Do your eating habits keep you awake?

Only 25–35% of Service Members report getting the recommended 7–8 hours of sleep per night. With your military and family commitments, devoting the time you need for restful sleep can be tough. Small steps—such as thinking about what you eat or drink before bed—can help getting a good night’s sleep be more than just a dream.

Man watching TV in the middle of the night needs HPRC resources on sleep, performance optimization, and performance nutrition to fuel better recovery.How foods and drinks can interfere with sleep

  • Feeling too full or too hungry: One extreme or the other might interfere with sleep by waking you up. A too-full stomach might cause pain, nausea, or bloating.

TipTip: Eat a small, light snack, such as cereal and milk or whole-wheat crackers with cheese, if you’re feeling hungry before bed. Avoid heavy meals, spicy, or fried foods 3 hours before bed.

  • Alcohol: Initially, you might fall asleep faster, but then alcohol keeps your body from getting into the deep sleep cycles that provide restorative sleep. Even 1–2 servings of alcohol can hurt your sleep.

1 alcohol serving =

  • 12 oz beer
  • 5 oz wine
  • 1.5-oz shot of spirits (rum, vodka, gin, whiskey, tequila

TipTip: Limit alcohol, especially before bed, to maximize deep sleep.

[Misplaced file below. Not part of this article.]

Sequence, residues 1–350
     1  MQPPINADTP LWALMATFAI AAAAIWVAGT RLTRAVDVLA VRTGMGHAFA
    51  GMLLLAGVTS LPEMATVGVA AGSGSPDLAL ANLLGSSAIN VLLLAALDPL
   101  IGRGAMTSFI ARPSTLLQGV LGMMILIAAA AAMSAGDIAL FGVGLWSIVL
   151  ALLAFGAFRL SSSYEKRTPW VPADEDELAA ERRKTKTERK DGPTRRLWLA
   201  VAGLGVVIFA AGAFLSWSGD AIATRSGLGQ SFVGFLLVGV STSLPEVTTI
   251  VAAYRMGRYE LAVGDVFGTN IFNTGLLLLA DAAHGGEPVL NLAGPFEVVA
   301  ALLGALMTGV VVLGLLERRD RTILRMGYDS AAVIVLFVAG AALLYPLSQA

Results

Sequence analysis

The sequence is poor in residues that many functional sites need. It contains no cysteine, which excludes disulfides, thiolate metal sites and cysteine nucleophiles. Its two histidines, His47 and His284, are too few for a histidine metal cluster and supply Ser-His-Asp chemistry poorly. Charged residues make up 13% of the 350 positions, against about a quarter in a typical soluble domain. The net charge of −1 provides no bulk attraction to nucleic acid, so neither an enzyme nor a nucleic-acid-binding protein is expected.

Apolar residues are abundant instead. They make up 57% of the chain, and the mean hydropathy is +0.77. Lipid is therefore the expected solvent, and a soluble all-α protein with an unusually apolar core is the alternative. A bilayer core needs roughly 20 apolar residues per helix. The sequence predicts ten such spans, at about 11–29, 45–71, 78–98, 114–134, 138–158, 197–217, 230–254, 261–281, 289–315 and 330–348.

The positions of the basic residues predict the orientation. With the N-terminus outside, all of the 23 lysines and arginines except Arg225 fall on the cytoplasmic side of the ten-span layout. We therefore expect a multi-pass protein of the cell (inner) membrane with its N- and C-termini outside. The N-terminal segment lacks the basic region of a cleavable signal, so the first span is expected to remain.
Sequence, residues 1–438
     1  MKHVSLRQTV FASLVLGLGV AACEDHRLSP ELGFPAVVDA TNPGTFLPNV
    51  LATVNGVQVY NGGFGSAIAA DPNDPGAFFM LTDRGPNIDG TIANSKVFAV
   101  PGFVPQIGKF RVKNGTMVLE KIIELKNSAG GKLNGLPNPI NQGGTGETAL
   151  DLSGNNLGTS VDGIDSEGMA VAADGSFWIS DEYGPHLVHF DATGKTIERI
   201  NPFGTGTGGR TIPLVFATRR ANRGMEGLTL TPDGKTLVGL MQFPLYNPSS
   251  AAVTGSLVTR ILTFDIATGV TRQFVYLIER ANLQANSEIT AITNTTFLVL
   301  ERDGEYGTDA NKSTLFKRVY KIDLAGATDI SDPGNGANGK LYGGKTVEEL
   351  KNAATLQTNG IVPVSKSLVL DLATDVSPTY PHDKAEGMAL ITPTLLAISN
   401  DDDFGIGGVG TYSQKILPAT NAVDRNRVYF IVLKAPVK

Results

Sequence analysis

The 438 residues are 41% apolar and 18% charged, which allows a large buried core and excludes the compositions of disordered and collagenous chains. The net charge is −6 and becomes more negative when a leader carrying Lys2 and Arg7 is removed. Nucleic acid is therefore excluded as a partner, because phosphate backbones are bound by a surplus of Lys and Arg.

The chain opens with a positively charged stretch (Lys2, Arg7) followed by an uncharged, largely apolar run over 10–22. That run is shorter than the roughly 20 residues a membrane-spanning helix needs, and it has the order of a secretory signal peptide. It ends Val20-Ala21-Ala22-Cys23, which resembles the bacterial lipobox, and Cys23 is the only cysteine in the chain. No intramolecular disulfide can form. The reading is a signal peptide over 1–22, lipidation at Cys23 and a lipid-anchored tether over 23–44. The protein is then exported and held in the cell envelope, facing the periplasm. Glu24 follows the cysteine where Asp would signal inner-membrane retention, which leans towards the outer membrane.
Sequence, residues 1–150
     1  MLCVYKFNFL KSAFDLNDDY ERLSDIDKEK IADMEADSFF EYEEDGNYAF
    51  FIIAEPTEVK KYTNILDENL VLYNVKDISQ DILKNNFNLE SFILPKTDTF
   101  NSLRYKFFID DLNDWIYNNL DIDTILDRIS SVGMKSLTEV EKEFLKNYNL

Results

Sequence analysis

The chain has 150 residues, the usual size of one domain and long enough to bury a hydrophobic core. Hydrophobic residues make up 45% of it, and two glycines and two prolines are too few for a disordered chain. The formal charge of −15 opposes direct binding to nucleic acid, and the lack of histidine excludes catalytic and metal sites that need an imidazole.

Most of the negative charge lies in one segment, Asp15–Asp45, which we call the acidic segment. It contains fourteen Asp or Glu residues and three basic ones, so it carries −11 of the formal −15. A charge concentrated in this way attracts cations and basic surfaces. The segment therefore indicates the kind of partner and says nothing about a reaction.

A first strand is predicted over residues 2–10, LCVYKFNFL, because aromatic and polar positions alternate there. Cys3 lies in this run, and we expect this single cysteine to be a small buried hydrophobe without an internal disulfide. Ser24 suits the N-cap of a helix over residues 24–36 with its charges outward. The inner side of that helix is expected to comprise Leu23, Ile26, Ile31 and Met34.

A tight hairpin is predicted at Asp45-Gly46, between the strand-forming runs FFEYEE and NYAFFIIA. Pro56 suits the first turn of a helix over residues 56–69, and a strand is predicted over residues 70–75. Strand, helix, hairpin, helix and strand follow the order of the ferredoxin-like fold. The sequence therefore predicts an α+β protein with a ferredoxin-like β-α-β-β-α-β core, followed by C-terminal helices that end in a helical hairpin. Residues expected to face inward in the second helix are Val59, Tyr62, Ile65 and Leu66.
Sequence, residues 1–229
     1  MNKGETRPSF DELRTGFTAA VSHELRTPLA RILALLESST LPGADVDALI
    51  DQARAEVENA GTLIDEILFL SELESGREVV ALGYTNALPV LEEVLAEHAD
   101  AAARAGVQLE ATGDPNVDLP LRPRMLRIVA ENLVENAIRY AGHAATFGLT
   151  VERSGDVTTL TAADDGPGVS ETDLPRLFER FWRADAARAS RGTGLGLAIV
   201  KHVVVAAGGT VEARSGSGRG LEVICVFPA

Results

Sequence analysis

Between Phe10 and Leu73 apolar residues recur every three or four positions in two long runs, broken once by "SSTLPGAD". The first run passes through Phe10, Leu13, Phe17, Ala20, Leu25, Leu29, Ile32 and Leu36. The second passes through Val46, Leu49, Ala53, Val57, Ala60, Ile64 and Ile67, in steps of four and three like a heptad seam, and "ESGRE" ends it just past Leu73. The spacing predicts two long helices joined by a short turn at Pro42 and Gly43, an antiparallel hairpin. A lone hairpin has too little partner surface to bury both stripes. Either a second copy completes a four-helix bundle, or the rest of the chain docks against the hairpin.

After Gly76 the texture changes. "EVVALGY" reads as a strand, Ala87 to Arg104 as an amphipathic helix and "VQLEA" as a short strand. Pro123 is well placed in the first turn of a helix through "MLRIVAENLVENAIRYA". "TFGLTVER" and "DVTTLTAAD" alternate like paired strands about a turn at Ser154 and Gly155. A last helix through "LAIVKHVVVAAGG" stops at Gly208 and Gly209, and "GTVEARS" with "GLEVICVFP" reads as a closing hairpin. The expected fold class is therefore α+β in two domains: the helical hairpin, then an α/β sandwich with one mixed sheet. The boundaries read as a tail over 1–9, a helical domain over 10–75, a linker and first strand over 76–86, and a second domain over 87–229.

• Caffeine: That morning coffee does exactly what you want it to do: It boosts your energy and alertness. But caffeine and other stimulants can disrupt sleep when taken too close to bedtime.

TipTip: Stop drinking caffeine at least 6 hours before bed.

Person snacking at their computer How ghrelin tricks you into eating... Find Out More

Can certain foods really help you sleep?

Warm milk before bedSome foods have naturally occurring ingredients, such as tryptophan and melatonin, believed to aid sleep. Although there’s not enough evidence to show a direct link between particular foods and melatonin and tryptophan levels that can impact sleep, some studies suggest certain foods can contribute to better sleep. There’s little harm in eating them if you enjoy them.

  • Melatonin is a hormone that regulates your sleep-wake cycle. Melatonin production increases when it gets dark, signaling your body it’s time to sleep. Nuts, eggs, fish, cherries, milk, and mushrooms naturally contain melatonin.
  • Tryptophan is an amino acid (a building block of protein) needed to produce serotonin, a brain chemical important for sleep and mood. Turkey, chicken, beef, cheese, yogurt, and fish naturally contain tryptophan. Carbohydrates also help boost tryptophan in the brain.
  • B vitamins are also needed for your body to produce serotonin.

For restful sleep, be mindful of how much and what time you have caffeine, alcohol, and your last meal of the day.

Learn more at our “Get into Fighting Weight” guide.


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